we found that migrant workers respond strongly to exclusion in
various dimensions of social life and cultural identity.
Upward Mobility of Migrant Peasant Workers
It is true that most migrant peasants work at low-skilled,
low-paying jobs that urban workers do not want. Additionally,
most migrant peasant workers do not experience upward occu-
pational mobility as ti me goes by and as they change jobs over
the years. Still, it is equally true that some migrant peasant
workers make their way up the occupational ladder to obtain
high socioeconomic status after years of hard work. A 29-year-
old male with a high-school degree who moved to the city for
the first time in 1997 used his own experience to vividly ex-
plain how upward mobility is possible even for peasant work-
Q: Could you tell us about your promotion process since you
first moved to the city 8 years ago?
A: I started as a cleaning worker in a Japanese-run company
for 3 months. After that, I was transferred to the mold
manufacturing sector, and was responsible for the main-
tenance of six sets of tools. This job was recruited for in-
ternally but required that [the applicant] take and pass the
company’s written examination. I did not know about the
test, so I did not apply. On the day of the examination, I
saw many young men take their pens with them for the
examination. I felt that my opportunity was coming, so I
put down my work at hand, and followed the people to
take the examination. My score was ranked as the second
best, but the requirement for the written examination was
to have the top score. My supervisor had a very good im-
pression of me, so he gave me very high evaluation, and I
was selected for the job because of the examination and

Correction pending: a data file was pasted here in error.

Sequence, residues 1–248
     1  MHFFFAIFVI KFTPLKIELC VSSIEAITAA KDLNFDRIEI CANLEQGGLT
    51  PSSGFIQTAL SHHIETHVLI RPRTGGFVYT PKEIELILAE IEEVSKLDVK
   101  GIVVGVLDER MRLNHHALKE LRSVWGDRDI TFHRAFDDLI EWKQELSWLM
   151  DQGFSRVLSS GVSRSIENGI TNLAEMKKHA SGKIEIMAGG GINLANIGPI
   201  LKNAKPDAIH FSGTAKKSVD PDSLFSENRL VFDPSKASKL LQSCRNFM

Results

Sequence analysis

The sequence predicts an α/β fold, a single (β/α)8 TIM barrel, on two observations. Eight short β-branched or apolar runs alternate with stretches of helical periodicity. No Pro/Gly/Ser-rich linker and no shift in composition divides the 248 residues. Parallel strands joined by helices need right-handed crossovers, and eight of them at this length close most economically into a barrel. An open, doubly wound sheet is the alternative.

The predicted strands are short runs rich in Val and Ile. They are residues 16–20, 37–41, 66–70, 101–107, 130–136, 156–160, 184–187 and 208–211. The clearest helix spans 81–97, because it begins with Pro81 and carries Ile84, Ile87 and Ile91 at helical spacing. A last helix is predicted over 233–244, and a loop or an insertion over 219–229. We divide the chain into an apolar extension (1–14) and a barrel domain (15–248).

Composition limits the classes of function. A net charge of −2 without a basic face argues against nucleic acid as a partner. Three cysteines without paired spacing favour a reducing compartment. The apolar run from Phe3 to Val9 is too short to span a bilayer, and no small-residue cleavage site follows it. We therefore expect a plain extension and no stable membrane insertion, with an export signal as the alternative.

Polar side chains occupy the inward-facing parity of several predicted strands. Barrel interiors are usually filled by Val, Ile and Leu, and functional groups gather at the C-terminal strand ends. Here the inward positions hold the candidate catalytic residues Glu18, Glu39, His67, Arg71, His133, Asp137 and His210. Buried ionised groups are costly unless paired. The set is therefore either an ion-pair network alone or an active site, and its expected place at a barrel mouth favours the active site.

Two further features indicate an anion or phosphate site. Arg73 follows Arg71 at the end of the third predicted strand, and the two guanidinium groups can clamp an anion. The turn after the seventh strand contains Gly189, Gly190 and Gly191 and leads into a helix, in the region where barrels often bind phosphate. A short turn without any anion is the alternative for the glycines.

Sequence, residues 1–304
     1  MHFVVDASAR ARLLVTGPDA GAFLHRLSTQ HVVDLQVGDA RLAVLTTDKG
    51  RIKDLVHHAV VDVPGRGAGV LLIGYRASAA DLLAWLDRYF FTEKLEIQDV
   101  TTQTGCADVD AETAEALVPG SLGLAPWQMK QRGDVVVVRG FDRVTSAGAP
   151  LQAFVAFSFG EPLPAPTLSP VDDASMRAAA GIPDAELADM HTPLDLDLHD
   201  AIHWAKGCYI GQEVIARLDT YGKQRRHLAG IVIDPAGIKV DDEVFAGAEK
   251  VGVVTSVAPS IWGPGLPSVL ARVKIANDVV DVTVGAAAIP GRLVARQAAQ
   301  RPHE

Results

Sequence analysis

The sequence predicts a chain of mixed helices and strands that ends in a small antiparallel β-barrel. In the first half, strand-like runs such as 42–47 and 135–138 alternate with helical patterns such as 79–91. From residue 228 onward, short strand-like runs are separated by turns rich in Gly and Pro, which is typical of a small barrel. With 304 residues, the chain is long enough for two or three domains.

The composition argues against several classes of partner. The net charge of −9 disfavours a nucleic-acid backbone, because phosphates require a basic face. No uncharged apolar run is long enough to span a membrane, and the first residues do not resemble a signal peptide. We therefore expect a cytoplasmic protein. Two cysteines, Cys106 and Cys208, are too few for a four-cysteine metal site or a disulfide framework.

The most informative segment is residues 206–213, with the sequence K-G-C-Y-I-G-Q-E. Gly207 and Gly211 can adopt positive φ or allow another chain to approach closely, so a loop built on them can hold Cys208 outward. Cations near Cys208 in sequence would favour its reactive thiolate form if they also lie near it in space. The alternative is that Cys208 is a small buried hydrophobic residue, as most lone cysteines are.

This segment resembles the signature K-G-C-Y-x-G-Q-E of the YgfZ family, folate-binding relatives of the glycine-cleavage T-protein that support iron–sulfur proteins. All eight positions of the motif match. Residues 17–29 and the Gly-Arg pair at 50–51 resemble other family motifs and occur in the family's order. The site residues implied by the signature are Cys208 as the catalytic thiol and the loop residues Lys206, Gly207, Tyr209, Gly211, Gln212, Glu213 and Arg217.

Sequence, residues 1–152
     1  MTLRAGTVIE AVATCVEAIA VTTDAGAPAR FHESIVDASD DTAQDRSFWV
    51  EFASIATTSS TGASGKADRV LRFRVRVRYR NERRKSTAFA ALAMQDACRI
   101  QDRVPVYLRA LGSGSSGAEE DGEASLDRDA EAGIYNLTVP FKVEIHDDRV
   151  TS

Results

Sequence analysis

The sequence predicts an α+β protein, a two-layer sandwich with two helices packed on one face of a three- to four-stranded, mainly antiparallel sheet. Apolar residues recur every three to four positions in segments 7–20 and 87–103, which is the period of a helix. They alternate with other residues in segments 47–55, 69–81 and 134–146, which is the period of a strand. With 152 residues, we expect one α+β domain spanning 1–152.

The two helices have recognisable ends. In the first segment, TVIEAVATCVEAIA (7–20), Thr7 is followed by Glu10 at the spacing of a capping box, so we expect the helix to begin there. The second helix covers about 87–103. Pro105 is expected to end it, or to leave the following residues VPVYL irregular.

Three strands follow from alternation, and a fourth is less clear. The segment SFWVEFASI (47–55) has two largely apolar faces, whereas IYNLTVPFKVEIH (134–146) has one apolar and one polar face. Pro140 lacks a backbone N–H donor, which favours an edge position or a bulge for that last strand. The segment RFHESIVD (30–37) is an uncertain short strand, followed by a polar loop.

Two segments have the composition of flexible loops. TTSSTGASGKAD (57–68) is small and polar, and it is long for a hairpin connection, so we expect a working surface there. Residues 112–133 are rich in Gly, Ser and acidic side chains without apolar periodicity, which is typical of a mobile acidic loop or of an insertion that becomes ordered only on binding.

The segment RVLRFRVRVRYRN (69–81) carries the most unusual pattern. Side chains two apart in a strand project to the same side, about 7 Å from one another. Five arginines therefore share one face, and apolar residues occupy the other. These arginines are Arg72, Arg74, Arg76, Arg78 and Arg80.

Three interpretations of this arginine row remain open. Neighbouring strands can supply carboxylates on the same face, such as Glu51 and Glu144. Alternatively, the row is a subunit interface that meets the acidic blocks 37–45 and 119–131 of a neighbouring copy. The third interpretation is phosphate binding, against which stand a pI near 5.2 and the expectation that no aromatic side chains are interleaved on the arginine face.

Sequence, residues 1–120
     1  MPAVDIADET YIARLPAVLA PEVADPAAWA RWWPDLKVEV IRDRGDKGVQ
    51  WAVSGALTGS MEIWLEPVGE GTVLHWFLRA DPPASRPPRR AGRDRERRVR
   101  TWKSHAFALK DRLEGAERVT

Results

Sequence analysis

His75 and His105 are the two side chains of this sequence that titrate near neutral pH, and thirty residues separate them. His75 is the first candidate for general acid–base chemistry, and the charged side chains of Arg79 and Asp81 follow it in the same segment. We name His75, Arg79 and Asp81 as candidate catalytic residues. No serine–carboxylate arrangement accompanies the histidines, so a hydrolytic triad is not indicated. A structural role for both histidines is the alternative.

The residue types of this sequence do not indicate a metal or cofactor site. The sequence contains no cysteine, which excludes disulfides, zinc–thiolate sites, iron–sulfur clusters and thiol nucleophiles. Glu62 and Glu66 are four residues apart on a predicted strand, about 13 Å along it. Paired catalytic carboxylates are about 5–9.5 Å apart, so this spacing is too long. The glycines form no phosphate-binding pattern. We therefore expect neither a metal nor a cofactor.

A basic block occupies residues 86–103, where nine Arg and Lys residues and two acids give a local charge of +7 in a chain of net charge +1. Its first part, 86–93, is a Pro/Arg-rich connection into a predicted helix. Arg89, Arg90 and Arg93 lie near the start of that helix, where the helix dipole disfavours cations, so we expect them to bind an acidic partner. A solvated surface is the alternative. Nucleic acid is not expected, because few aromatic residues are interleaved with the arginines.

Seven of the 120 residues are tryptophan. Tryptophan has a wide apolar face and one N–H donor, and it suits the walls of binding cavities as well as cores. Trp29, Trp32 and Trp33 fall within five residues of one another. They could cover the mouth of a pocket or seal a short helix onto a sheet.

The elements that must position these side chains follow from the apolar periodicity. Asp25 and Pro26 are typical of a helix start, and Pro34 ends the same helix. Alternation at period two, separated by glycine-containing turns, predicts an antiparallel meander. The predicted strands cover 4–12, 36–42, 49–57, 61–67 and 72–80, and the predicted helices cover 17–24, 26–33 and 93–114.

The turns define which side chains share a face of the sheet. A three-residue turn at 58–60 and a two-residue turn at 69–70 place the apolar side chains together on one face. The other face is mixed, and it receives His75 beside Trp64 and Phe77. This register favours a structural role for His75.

Q: What happened after that?
A: The new job was very much like the one I had before.
Two men worked at this job before me, they both worked
for 2 years and they were still technicians without any
promotion, so they quit. I took on both of their responsi-
bilities, so the workload was double. The temperature of
the workshop was higher than 40 degrees (40˚C = 104˚F),
I was all sweaty when I did the work every day. I was
very tired. Despite the hardship, I learned about loading
and unloading the materials while I maintained the
equipment, I also learned to drive a forklift, and got a li-
cense for that. I worked very hard and got recognition
from my supervisor. He told the Japanese boss about my
performance. I was promoted to team leader a few
months later. I took on the team-leader position for one
Q: What was the biggest gain after you were promoted to
A: One of the biggest gains was the increase in salary, but
the responsibility increased as well. Also, I had more
opportunities to interact with my colleagues and superi-
ors, and thus more colleagues knew me and knew about
my strengths and weaknesses as well.
Q: You then changed positions again?
A: Yes, from 1999 to 2001, I was transferred to and worked
for a department that was responsible for ordering for-
eign products, for expediting product deliveries, and also
for team communication and quality inspection.
Q: At that time your job had changed from a laborer to a
manager, were you satisfied?
A: I felt very satisfied, but in my mind I still wanted to climb
higher (beaming smile).
Q: You succeeded, right?
A: Yes, on November 1, 2001, I joined the c ompany’s Hea d-
quarter Office, responsible for managing six depart
Q: You said so yourself: you don’t have a lot of education.
So, what are the reasons for your success?
A: I came from a rural area and did not have good education
or skills. The decor skill I learned was neither my spe-
cialty nor my interest. I made my mind up in the begin-
ning that I have to learn new skills, to revitalize myself,
and keep climbing up.
Q: What kind of things you have done to advance yourself?
Why did you challenge yourselves to learn new things
A: I now study safety management in engineering in college.
I will get the diploma in 2 years. I would like to move
higher, and this would be impossible if you do not have a
college education. With more and more college graduates
now, competition has been growing as well. Workers are
increasingly aware of work-related injuries, and compa-
nies need professionals to control and manage the risks. I
can get a better job if I earn my diploma. These classes
are on weekends. I go to work on weekdays and go to
school on weekends. Sometimes, I feel tired and ex-